It will fail for the same reason other attempts to stabilize currency values always fail. The first time there's a crisis, the regulator will have to decide whether to permit the crisis or prevent the crisis. If they permit the crisis, people will realize that the promised 'guarantees' are shams. If they try to prevent the crisis, they will run their reserves down to nothing, and the same thing will happen as if they permitted the crisis except they'll be broke.
If you make one small change though, I don't see any major technical flaws. Simply accept that the regulation will be maintained only under normal conditions and that crises may push the ratios out of bounds. The regulator should have a policy for how it detects a crisis, what it does during them, and how and to what extent it compensates people harmed by them afterwards, if at all.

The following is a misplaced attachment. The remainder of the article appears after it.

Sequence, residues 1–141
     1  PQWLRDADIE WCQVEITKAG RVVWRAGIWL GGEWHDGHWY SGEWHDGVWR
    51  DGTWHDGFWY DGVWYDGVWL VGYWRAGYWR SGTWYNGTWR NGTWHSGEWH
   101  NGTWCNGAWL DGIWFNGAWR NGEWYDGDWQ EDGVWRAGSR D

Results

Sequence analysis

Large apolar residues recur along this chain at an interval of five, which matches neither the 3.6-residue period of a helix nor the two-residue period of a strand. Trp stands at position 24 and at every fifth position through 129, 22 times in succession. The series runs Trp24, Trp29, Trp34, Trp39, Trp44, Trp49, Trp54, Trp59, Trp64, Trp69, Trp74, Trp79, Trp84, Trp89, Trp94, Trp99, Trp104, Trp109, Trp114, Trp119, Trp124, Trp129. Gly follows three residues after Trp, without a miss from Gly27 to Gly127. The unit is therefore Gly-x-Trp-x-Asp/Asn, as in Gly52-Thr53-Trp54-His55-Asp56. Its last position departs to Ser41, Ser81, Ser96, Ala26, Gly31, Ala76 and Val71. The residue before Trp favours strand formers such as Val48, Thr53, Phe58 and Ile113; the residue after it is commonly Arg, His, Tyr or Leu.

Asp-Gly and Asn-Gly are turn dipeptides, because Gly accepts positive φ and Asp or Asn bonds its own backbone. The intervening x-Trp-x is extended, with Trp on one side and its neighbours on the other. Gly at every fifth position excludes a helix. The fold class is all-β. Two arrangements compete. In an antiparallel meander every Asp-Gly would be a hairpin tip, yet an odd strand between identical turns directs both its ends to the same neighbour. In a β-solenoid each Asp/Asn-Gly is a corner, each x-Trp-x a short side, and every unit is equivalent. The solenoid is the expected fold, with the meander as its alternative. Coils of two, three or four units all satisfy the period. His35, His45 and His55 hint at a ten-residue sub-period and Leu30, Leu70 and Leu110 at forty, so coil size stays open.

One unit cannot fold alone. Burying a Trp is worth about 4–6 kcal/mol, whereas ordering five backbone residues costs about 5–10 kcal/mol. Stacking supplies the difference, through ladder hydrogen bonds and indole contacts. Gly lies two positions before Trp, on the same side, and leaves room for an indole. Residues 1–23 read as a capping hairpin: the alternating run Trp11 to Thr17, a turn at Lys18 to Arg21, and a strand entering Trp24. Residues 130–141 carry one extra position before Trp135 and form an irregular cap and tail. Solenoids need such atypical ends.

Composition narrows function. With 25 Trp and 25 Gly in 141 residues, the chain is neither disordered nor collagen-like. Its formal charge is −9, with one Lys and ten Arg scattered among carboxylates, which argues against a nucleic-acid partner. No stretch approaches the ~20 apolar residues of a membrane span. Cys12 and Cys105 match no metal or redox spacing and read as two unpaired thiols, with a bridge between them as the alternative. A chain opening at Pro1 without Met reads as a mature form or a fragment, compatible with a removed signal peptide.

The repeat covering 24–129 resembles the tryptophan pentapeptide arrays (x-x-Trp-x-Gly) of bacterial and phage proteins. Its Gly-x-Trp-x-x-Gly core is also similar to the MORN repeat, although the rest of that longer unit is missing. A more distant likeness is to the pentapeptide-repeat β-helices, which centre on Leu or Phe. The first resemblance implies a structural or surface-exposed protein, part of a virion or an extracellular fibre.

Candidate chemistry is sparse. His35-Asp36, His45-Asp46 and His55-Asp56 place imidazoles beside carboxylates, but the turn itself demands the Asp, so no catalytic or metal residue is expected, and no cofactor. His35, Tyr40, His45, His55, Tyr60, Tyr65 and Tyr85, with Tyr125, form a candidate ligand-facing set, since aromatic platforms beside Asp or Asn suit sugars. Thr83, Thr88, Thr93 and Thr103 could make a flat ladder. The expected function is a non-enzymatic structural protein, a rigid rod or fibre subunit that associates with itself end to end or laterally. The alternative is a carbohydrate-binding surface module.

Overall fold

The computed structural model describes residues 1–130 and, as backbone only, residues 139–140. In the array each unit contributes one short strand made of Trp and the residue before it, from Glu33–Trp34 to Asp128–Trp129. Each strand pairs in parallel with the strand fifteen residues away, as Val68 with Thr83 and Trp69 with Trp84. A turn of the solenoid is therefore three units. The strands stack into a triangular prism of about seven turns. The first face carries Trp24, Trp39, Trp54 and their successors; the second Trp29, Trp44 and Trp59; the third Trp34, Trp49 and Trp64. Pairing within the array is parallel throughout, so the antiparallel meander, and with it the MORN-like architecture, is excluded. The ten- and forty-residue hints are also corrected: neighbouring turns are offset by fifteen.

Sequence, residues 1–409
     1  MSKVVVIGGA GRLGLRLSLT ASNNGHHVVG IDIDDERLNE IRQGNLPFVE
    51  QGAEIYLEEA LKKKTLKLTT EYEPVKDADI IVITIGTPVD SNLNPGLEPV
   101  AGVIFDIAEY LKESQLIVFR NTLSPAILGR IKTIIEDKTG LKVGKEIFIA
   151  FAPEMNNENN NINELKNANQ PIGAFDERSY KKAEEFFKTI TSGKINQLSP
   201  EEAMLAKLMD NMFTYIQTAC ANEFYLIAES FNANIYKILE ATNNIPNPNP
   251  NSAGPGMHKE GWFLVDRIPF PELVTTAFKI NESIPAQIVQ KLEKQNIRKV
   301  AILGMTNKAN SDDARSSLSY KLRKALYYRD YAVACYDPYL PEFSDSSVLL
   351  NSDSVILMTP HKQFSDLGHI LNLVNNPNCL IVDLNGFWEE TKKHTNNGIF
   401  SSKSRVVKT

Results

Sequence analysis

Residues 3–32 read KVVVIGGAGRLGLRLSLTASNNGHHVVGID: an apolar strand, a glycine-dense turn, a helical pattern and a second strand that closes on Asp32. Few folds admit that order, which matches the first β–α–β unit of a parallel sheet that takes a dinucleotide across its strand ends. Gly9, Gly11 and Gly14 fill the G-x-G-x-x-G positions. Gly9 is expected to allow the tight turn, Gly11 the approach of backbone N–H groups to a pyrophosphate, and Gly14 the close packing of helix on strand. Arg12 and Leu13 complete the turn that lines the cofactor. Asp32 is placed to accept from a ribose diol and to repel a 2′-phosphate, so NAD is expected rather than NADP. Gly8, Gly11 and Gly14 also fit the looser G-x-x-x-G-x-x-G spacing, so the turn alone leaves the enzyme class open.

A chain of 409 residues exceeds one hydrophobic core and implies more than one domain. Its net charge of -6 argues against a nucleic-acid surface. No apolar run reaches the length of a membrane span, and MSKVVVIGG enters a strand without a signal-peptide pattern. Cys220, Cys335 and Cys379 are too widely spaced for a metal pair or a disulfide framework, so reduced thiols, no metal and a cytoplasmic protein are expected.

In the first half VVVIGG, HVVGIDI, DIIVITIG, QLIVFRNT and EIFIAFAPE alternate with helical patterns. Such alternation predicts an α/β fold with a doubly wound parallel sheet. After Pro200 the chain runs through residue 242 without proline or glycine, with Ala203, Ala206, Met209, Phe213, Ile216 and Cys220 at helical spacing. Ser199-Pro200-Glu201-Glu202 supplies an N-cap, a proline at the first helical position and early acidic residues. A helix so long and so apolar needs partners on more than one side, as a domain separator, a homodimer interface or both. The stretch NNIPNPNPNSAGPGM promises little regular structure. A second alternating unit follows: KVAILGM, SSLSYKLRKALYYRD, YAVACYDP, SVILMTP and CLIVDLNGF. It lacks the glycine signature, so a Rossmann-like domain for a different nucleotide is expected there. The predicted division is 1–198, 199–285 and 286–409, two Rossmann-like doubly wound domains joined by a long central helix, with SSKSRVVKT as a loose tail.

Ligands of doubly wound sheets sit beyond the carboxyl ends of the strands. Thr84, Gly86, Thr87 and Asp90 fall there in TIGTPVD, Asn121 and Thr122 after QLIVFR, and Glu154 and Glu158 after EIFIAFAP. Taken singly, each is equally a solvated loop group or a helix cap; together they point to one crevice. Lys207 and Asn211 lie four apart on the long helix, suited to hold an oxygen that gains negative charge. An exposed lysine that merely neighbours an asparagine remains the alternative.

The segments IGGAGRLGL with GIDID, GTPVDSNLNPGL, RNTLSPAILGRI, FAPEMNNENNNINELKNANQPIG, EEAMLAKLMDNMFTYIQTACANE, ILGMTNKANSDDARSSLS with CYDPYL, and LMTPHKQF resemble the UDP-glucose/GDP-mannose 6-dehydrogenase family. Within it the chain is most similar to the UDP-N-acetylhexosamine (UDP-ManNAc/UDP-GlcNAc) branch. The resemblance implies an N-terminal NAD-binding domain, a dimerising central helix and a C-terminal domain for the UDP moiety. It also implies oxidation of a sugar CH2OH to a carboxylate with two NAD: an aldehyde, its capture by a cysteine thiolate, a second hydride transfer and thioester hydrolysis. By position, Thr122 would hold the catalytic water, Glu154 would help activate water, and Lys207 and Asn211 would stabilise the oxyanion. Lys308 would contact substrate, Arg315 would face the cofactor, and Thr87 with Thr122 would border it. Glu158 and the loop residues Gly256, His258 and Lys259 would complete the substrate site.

For example, before banks were Federally insured, they would have a policy that the board of directors of the bank could declare a "crisis", suspend withdrawals, but later compensate people with extra interest.